In the context of the film, the glowing car is maybe a time machine designed to populate an ancient version of the Earth via a time loop. Possibly.

Visually and musically, this film is fairly cool and unique. Unlike the coke-fuelled 1980s pop music you’d expect to find in a satirical film like this, the music is instead the kind of “cool” rock and punk music that is also sometimes reminiscent of a dystopian version of the 1960s (which might be another satirical theme in this film?). Likewise, the film sometimes makes brilliantly creative use of lighting and set design in the kind of way that films from the 1980s and 1990s are famous for 🙂

Although many of the locations look fairly “ordinary”, there are some really cool-looking places in this film.

All in all, this review probably hasn’t done this film justice. It’s either an intricately-constructed multi-layered masterpiece of social satire or a giant film-sized practical joke. Or both. There is nothing else quite like this film.

I would say that this is a film that you will either really love or really hate, but – if my reactions to it are anything to go by – your reaction will probably be “WTF?”. But in a good way. Sort of. Even though you probably won’t fully understand this film, watching it is still an incredibly unique experience – fascinating and disturbing in equal measure- that will probably linger in your imagination for quite a while afterwards.

If I had to give it a rating out of five, it would get… Honestly, I really don’t know.

Digital Image Editing And Imperfections – A Ramble

Although this is an article about making art, I’m going to have to start by talking about rock music. This is mostly because I happened to watch this fascinating video about how modern post-production tools have made rock music too “perfect”, without any of the variations and imperfections that lend rock songs a sense of personality and what the video calls “groove”.

So, naturally, this made me think about art and digital image editing. After all, pretty much all of the paintings that I post here are digitally-edited in some way or another. Most of the time, this involves things like adjusting the brightness, contrast, saturation and/or chroma levels in order to make my “faded” watercolour paintings look as bold as something like a marker drawing. This editing can also include things like correcting mistakes, adding extra shading, adding skin tones, filling in background areas of a painting and/or adding various effects – like fog, rain or bloom.

After the editing process, one of my paintings usually looks a bit like this:

“Between Blocks” By C. A. Brown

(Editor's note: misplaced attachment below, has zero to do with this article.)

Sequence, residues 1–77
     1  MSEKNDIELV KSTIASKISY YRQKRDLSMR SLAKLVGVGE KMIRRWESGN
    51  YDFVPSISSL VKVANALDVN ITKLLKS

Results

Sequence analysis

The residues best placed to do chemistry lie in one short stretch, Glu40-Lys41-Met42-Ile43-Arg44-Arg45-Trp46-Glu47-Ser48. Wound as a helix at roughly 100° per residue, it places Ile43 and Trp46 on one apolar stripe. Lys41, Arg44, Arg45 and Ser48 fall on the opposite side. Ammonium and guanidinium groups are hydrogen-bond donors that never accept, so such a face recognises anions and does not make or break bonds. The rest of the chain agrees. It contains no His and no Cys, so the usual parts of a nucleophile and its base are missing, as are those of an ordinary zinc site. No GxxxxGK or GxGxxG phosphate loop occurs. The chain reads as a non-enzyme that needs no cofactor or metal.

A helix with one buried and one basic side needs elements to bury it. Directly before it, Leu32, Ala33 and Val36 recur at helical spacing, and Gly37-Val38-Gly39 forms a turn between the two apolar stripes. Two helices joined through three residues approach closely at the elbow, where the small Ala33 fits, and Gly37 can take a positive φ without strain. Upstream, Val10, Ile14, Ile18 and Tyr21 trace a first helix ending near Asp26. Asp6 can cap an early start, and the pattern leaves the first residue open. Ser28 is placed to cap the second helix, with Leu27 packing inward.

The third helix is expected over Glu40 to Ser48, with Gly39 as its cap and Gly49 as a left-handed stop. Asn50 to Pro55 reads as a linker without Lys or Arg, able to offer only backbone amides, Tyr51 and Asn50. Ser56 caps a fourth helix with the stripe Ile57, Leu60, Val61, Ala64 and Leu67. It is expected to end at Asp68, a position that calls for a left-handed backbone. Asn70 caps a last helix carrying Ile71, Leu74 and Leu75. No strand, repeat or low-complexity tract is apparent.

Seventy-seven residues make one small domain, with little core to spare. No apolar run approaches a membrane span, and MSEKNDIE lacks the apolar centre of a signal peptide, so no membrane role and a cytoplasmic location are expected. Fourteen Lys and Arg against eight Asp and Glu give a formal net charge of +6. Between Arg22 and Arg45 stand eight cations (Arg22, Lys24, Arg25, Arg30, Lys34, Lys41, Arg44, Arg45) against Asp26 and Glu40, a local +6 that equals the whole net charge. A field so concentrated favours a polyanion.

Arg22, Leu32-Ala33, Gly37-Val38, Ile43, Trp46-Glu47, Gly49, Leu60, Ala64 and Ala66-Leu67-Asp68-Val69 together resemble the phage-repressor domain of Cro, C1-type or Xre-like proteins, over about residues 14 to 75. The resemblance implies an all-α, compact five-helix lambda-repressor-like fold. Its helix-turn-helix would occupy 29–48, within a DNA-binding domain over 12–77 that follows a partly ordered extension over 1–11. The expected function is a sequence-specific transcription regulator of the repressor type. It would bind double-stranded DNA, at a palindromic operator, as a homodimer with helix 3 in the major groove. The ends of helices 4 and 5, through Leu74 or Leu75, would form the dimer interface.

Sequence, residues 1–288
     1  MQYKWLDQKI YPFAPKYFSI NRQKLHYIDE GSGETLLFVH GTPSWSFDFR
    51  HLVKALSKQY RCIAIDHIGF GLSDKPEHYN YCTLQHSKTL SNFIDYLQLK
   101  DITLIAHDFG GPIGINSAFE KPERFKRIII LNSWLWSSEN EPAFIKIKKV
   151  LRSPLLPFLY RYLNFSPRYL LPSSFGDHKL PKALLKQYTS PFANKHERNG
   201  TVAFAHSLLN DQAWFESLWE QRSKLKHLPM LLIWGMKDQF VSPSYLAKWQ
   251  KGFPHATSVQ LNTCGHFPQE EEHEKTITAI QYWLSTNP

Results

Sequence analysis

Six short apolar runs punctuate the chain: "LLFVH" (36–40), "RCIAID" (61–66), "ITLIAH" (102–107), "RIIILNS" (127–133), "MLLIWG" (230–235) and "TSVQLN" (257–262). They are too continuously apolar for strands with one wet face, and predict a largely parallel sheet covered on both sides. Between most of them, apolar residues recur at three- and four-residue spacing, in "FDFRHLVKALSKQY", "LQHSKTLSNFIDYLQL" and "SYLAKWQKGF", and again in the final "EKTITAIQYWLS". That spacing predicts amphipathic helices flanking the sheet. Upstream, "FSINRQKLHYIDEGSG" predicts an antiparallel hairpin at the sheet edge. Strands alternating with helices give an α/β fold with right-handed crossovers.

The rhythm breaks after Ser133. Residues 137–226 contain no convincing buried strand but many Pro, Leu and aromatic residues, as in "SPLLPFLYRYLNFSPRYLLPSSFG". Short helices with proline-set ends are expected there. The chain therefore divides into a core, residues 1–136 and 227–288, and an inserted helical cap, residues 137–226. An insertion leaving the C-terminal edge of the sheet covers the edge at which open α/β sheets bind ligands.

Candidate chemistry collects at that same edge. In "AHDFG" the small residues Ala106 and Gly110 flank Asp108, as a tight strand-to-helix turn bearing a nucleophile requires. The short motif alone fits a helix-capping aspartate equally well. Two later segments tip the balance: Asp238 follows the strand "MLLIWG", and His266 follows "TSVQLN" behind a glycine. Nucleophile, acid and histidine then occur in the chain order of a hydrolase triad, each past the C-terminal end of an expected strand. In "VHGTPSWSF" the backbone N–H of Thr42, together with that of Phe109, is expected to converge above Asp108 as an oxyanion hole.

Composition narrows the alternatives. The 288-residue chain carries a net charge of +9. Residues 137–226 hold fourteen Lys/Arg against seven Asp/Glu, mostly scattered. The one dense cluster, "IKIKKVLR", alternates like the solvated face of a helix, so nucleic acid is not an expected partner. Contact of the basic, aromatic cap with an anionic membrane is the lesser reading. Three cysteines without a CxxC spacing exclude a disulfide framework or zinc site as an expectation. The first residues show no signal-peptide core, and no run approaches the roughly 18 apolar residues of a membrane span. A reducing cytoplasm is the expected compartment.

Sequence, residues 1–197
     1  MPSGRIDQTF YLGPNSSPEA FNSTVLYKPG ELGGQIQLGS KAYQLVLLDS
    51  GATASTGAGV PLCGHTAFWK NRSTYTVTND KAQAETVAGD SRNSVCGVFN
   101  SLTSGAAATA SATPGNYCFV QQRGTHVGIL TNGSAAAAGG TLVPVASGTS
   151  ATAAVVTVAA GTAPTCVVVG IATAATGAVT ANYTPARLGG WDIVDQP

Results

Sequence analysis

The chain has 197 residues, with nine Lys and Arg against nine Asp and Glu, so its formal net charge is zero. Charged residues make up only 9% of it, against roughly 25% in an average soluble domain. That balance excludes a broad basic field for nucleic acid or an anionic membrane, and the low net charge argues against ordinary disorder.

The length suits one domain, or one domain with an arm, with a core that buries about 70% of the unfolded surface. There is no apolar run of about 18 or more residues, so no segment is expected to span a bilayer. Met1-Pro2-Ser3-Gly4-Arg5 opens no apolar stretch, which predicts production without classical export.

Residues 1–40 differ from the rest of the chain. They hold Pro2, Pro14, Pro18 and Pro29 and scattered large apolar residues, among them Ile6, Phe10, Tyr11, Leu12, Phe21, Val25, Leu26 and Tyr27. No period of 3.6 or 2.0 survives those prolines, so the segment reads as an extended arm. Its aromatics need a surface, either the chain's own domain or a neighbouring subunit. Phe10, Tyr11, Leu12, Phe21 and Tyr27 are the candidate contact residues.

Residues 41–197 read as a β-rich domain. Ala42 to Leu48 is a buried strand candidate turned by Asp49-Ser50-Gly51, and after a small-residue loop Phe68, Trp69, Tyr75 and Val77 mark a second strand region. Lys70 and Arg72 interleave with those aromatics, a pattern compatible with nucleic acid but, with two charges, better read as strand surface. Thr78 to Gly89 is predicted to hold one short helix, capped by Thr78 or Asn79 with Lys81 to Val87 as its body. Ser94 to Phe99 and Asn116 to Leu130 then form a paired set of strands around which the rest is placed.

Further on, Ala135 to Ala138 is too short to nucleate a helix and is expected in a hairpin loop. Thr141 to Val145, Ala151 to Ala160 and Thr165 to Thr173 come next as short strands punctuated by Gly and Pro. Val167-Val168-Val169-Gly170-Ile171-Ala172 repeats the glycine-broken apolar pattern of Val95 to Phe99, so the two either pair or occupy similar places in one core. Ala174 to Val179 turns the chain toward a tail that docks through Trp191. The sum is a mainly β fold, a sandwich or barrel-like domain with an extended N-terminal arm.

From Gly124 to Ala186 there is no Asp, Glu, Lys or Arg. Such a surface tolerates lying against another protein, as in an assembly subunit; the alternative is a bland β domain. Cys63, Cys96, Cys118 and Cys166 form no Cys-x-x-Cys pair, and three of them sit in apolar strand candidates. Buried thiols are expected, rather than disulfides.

So, is all of this a bad thing? Is my art less “authentic” because part of it is made on a computer?

Well, you can probably guess that my answer will be “no”. After all, I still make this type of art. But I want to talk about why digital editing isn’t always a bad thing. In short, it isn’t a bad thing when you are using it to create a deliberate effect and/or to add personality to your art. If you use digital tools for a conscious reason, then digital editing is a good thing.

For example, some of the main influences on my art include 1980s sci-fi films like “Blade Runner”, old 1980s heavy metal album covers/T-shirts, 1980s horror novel covers, 1990s computer games, some 1990s cartoons and a lot of stuff like that. One of the main visual features that all of these things have in common is a high level of visual contrast. Often, brighter areas (sometimes using bold colours) will be contrasted against a dark background in order to make them look more vivid. Versions of this technique go all the way back to Tenebrist art from the 17th and 18th centuries.

In addition to using various traditional techniques (eg: making sure that at least 30-50% of the surface area of a painting is painted black, using a limited palette of bolder colours etc…) to achieve this effect, one of the best ways to get this effect involves using a computer. After all, the scanner I use tends to make everything look a bit faded. So, by digitally altering the brightness, contrast, saturation and/or chroma levels, I can achieve a much better and bolder version of this effect than I can if I just use traditional materials. It is closer to how I imagine each painting before I make it than the original un-edited paintings are.

So, if you have a conscious reason for using digital post-processing or are using it to do something that you can’t easily achieve through traditional means, then this is a good thing.

Going back to the video about music that I mentioned earlier, one of the examples it gives of a rock song where the drums have been digitally altered to the point of sounding robotic is Halestorm’s “I Miss The Misery”. However, I’d argue that not all of the digital editing in this song is a bad thing. In one later part of the song’s music video, the instruments fade away and three videogame-like noises counterpoint the vocals absolutely perfectly. This is the most catchy and dramatic-sounding part of the song! Yet, it is something that could probably have only been done with a computer.

As for more general editing and corrections, I’d argue that they are good up to a point. If you’ve got a glaring error or an annoying problem and airbrushing it away will improve your picture, then go for it. However, be sure not to make your art too perfect. If you do this, then it runs the risk of just appearing bland or generic.